Grahayuddha, Graha-yuddha: 10 definitions


Grahayuddha means something in Hinduism, Sanskrit. If you want to know the exact meaning, history, etymology or English translation of this term then check out the descriptions on this page. Add your comment or reference to a book if you want to contribute to this summary article.

In Hinduism

Jyotisha (astronomy and astrology)

[«previous next»] — Grahayuddha in Jyotisha glossary
Source: Wisdom Library: Jyotiṣa

Grahayuddha (ग्रहयुद्ध) refers to the “opposition of planets” and is the name of the twenty-eighth chapter of the Gārgīyajyotiṣa. The Gārgīyajyotiṣa is one of the most comprehensive of Garga’s texts and written in the form of a dialogue between Krauṣṭuki (Ṛṣiputra) and Garga discussing astral and other omens, comprising a total of sixty-two chapters (viz., graha-yuddha), known as aṅgas and summarized in the Aṅgasamuddiśa (“enumeration of the divisions”, introductory portion).

Source: Wisdom Library: Brihat Samhita by Varahamihira

Grahayuddha (ग्रहयुद्ध) refers to “planetary conjunctions”, according to the Bṛhatsaṃhitā (chapter 5), an encyclopedic Sanskrit work written by Varāhamihira mainly focusing on the science of ancient Indian astronomy astronomy (Jyotiṣa).—Accordingly, “Lunar and solar eclipses terminate in ten ways [...] If there should appear either a rainbow, or a comet club-like in shape, people, afflicted with hunger, will suffer from foreign yoke; if there should be either planetary conjunctions [i.e., grahayuddha] or cometary appearances princes will be at war with one another. If there should occur a fall of good rain within the said period, there will be prosperity in the land and the evils described above will disappear”.

Jyotisha book cover
context information

Jyotisha (ज्योतिष, jyotiṣa or jyotish) refers to ‘astronomy’ or “Vedic astrology” and represents the fifth of the six Vedangas (additional sciences to be studied along with the Vedas). Jyotisha concerns itself with the study and prediction of the movements of celestial bodies, in order to calculate the auspicious time for rituals and ceremonies.

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Purana and Itihasa (epic history)

[«previous next»] — Grahayuddha in Purana glossary
Source: Shiva Purana - English Translation

Grahayuddha (ग्रहयुद्ध) refers to the “clashing of planets”, according to the Śivapurāṇa 2.3.15 (“The penance and reign of Tārakāsura”).—Accordingly, as Brahmā narrated: “[...] At the same time, several phenomena of evil portent forboding misery and distress happened, when the son of Varāṅgī was born making the gods miserable. [...] Idols and images of deities appeared to cry and fly up. Even when there was no gale, trees fell down. Planets in the sky clashed with one another [i.e., grahayuddha]. O excellent sage, these and similar portending phenomena occurred: Ignorant persons thought the submersion of the whole universe was imminent. [...]”.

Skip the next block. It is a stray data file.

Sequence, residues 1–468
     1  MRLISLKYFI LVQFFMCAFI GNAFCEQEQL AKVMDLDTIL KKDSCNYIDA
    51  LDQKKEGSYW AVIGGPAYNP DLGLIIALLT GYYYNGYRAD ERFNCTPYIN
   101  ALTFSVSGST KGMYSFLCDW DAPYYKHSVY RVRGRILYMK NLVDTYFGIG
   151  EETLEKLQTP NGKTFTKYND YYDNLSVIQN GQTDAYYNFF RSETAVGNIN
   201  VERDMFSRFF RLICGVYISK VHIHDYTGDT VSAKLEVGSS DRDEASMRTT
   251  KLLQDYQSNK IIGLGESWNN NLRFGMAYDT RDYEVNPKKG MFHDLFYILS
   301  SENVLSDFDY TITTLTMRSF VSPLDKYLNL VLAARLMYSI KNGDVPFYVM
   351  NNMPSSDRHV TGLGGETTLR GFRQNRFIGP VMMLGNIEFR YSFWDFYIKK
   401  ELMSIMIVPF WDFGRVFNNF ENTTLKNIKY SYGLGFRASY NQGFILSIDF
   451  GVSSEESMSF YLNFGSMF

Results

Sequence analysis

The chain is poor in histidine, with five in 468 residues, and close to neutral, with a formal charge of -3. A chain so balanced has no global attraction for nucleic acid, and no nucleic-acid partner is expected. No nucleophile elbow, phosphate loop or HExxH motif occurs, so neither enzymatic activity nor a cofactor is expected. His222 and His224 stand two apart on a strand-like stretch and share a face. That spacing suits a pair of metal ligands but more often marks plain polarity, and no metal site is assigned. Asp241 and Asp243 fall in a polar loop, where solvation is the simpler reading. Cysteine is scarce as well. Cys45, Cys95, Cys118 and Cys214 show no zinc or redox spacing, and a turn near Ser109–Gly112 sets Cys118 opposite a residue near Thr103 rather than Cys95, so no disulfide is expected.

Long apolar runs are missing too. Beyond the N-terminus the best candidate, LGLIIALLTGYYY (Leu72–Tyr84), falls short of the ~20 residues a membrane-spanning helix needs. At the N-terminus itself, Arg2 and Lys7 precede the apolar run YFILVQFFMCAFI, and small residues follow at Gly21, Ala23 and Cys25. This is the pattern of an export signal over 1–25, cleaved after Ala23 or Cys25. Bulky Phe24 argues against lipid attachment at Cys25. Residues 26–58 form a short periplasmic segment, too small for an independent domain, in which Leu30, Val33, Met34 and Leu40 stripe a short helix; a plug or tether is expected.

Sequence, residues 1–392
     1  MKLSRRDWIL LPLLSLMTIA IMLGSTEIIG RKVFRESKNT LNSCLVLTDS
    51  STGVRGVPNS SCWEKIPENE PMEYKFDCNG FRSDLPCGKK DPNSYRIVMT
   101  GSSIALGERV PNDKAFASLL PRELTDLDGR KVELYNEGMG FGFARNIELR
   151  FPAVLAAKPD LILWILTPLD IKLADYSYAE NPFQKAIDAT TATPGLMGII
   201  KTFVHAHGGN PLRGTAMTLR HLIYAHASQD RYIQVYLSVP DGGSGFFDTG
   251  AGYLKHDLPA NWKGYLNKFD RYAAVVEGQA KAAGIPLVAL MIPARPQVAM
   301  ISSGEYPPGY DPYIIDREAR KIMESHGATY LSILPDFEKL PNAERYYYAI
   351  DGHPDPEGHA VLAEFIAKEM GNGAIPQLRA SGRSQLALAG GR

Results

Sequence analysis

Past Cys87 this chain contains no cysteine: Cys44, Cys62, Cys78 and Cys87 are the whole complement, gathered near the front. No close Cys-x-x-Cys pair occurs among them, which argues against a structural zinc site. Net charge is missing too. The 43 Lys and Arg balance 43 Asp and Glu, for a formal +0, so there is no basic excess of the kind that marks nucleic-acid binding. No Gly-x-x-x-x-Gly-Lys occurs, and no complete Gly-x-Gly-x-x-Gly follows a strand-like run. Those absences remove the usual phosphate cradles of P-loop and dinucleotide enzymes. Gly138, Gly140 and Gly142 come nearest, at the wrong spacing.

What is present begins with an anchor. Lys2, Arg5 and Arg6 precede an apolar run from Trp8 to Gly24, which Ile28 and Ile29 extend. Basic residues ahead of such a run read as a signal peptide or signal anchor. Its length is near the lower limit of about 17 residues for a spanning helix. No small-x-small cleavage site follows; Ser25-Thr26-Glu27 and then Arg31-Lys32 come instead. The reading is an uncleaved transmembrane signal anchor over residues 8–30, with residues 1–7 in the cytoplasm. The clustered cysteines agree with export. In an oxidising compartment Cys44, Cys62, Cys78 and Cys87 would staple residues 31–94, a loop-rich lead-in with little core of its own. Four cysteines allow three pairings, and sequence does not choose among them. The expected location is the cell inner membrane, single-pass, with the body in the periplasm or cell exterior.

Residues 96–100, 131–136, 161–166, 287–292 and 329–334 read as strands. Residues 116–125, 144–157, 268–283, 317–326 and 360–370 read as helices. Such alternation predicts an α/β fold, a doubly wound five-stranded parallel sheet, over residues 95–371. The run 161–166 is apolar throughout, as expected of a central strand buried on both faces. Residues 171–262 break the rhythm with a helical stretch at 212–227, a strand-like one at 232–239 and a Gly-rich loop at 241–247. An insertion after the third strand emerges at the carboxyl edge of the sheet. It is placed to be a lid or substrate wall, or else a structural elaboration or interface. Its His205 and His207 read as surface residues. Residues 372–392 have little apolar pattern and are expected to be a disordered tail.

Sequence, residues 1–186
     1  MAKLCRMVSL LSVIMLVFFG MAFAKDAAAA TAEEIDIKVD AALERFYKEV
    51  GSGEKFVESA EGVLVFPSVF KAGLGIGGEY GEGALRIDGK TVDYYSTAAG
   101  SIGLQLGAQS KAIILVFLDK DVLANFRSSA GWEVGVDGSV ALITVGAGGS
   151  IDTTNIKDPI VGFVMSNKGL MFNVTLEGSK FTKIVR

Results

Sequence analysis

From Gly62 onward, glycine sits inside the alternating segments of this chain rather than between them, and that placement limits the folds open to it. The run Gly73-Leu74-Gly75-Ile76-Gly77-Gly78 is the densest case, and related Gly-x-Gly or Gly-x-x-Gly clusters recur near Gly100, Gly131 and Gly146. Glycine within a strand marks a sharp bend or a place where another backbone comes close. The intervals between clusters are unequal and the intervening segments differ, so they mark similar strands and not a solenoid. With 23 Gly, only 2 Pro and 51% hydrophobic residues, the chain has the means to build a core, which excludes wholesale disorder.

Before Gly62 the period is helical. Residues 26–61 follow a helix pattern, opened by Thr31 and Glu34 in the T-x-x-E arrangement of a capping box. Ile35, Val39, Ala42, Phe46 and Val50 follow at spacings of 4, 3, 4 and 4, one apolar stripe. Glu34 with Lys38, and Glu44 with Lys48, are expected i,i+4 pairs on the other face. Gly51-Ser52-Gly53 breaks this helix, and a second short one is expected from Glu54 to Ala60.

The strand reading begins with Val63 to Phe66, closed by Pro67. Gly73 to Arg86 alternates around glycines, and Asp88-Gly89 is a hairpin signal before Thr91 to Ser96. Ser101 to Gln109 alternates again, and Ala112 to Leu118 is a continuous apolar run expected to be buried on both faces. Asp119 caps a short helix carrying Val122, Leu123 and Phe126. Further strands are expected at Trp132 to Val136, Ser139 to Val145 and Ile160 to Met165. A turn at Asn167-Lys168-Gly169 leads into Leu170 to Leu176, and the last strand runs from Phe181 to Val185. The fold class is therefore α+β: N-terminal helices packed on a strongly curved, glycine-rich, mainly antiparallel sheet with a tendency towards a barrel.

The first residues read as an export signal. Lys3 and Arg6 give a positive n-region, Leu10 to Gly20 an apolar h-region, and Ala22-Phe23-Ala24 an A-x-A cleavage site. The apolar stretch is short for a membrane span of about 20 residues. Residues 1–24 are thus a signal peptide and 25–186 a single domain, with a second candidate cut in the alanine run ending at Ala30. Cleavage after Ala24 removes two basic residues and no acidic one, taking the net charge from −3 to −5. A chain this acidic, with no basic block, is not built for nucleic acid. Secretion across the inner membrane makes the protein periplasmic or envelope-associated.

Purana book cover
context information

The Purana (पुराण, purāṇas) refers to Sanskrit literature preserving ancient India’s vast cultural history, including historical legends, religious ceremonies, various arts and sciences. The eighteen mahapuranas total over 400,000 shlokas (metrical couplets) and date to at least several centuries BCE.

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Languages of India and abroad

Sanskrit dictionary

[«previous next»] — Grahayuddha in Sanskrit glossary
Source: DDSA: The practical Sanskrit-English dictionary

Grahayuddha (ग्रहयुद्ध).—opposition of planets.

Grahayuddha is a Sanskrit compound consisting of the terms graha and yuddha (युद्ध).

Source: Cologne Digital Sanskrit Dictionaries: Cappeller Sanskrit-English Dictionary

Grahayuddha (ग्रहयुद्ध).—[neuter] opposition (lit. strife) of the planets.

Source: Cologne Digital Sanskrit Dictionaries: Aufrecht Catalogus Catalogorum

1) Grahayuddha (ग्रहयुद्ध) as mentioned in Aufrecht’s Catalogus Catalogorum:—the 51 st and 52 d Pariśiṣṭa of the Av. W. p. 92. 93.

2) Grahayuddha (ग्रहयुद्ध):—Pariś. 51 of the Av. Tb. 214.

Source: Cologne Digital Sanskrit Dictionaries: Monier-Williams Sanskrit-English Dictionary

1) Grahayuddha (ग्रहयुद्ध):—[=graha-yuddha] [from graha > grah] n. = -marda, [Atharva-veda.Pariś.; Varāha-mihira’s Bṛhat-saṃhitā]

2) [v.s. ...] Name of [Varāha-mihira’s Bṛhat-saṃhitā xvii.]

[Sanskrit to German]

Grahayuddha in German

context information

Sanskrit, also spelled संस्कृतम् (saṃskṛtam), is an ancient language of India commonly seen as the grandmother of the Indo-European language family (even English!). Closely allied with Prakrit and Pali, Sanskrit is more exhaustive in both grammar and terms and has the most extensive collection of literature in the world, greatly surpassing its sister-languages Greek and Latin.

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Nepali dictionary

[«previous next»] — Grahayuddha in Nepali glossary
Source: unoes: Nepali-English Dictionary

Grahayuddha (ग्रहयुद्ध):—n. opposition or war between certain planets;

context information

Nepali is the primary language of the Nepalese people counting almost 20 million native speakers. The country of Nepal is situated in the Himalaya mountain range to the north of India.

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